Avoid Companies that Announce These Things

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  • There’s more to actionable trading ideas than just earnings season. Companies often report extraordinary projects well outside their mandated reporting period. And by doing so, they can give investors some timely tips on when to buy—or when to avoid, or even sell, their company’s shares.

    For instance, a company reporting a new, lavish headquarters building may look like a great investment. They’re clearly growing and need the space, justifying the multi-million (or even multi-billion) dollar investment.

    But that’s also a sign that a share price is going to lag—or drop entirely. Even great companies like Apple (AAPL) saw a lackluster trading period in their shares that lasted most of the time they were working on their new headquarters building.

    But for lesser companies, or even more cyclical ones, the decision to expand a headquarters tends to be made near the top—at a time when they should be looking at how to scale back or defend from a market decline, rather than overextend themselves for some swank office space (at shareholder expense).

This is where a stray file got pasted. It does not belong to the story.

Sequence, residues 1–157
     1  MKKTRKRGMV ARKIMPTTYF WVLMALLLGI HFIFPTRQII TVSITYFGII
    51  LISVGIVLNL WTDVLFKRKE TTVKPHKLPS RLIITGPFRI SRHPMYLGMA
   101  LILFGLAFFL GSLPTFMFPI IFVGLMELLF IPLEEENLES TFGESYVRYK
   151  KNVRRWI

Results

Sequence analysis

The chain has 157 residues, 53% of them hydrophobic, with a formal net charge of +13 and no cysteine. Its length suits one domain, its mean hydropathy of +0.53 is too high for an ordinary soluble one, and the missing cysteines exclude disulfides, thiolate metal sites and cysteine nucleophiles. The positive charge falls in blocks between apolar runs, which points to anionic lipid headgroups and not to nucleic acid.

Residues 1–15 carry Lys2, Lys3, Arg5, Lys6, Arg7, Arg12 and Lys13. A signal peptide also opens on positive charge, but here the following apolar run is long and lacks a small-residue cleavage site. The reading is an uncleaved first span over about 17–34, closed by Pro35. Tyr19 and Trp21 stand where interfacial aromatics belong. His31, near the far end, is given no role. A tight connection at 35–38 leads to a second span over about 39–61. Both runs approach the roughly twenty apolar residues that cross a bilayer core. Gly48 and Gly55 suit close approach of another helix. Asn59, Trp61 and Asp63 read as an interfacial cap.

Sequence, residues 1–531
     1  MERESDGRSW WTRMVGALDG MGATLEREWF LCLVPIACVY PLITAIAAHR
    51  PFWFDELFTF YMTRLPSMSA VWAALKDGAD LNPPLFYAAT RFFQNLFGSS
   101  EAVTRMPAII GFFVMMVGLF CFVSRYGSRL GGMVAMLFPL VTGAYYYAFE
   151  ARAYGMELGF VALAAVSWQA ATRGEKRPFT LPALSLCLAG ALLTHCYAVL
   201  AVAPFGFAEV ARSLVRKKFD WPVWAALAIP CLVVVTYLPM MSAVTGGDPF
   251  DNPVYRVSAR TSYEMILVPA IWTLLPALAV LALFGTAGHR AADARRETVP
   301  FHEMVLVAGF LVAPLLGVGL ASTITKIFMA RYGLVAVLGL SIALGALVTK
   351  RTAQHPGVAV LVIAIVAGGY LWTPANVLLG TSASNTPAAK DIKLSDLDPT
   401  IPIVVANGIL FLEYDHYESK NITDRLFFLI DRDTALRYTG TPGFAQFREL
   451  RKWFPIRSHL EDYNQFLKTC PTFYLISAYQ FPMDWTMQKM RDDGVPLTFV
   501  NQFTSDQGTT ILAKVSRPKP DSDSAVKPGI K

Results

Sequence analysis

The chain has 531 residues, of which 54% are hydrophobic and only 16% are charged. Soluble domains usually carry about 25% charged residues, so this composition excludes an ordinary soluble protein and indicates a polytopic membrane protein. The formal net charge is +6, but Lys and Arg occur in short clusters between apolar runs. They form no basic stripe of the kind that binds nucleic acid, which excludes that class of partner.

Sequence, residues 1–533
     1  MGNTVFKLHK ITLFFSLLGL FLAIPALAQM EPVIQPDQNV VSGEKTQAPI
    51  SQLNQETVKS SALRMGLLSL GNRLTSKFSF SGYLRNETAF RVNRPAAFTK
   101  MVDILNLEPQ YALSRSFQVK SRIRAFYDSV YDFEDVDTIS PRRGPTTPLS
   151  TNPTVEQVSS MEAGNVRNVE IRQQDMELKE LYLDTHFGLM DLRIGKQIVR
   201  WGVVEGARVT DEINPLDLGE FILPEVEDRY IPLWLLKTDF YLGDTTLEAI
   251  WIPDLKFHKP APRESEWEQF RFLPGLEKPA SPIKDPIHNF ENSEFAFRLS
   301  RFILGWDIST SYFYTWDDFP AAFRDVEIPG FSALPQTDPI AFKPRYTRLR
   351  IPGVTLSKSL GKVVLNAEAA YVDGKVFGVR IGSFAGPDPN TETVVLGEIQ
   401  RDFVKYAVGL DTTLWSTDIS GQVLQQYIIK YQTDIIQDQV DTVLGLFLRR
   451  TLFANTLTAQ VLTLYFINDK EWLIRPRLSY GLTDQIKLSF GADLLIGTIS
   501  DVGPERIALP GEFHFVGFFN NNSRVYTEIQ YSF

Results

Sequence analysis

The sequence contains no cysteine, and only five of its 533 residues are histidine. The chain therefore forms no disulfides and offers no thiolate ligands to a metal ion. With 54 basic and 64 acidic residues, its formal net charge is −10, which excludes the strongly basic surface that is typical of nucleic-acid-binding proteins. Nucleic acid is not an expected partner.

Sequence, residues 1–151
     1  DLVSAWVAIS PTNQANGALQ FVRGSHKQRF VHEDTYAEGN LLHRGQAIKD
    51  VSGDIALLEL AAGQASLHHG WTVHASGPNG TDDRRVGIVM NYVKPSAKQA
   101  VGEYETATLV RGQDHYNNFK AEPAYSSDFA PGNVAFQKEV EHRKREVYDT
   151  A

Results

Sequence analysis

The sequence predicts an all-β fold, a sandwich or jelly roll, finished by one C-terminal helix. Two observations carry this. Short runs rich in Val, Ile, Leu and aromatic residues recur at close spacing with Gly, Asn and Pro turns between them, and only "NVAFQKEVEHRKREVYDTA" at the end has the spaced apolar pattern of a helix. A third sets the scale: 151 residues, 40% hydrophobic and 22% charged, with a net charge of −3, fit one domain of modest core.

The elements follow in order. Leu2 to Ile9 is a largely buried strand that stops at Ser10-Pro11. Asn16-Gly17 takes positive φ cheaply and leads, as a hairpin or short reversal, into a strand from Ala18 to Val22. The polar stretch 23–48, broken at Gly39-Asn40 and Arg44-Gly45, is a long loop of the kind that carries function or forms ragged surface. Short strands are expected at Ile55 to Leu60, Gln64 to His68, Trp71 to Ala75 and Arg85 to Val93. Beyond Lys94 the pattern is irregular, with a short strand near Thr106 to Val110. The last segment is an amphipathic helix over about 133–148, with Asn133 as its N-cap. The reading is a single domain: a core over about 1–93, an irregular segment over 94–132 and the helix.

Other times, companies near a peak may decide the best way to grow is to simply buy up another company. While that may make sense, most mergers are sold as something that will move the bottom line far more than it actually does. And acquiring companies tend to overpay, leading to underperformance later. We just saw this happen with a $15 billion value write down at Kraft-Heinz, the food conglomerate that merged just a few years back.

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  • Companies that make certain announcements may as well be broadcasting to the investment community that their shares will underperform for a while— and possibly even cause a company to go bankrupt.